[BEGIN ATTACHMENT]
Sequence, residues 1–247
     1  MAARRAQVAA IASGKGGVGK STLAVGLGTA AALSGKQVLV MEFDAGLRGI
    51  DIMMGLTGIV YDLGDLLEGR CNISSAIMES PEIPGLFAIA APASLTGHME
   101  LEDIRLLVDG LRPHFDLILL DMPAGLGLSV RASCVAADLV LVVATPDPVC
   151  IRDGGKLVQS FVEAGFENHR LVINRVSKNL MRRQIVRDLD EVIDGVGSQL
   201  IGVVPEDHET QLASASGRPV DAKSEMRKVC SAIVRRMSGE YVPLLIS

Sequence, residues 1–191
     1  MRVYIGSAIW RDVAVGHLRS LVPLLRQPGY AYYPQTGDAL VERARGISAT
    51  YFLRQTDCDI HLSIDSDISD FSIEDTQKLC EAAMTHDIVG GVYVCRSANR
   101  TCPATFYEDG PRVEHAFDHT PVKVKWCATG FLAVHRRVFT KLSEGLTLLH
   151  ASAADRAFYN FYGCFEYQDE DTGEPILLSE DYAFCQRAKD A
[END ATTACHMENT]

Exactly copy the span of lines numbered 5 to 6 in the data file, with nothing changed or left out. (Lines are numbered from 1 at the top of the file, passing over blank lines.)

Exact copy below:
   151  IRDGGKLVQS FVEAGFENHR LVINRVSKNL MRRQIVRDLD EVIDGVGSQL
   201  IGVVPEDHET QLASASGRPV DAKSEMRKVC SAIVRRMSGE YVPLLIS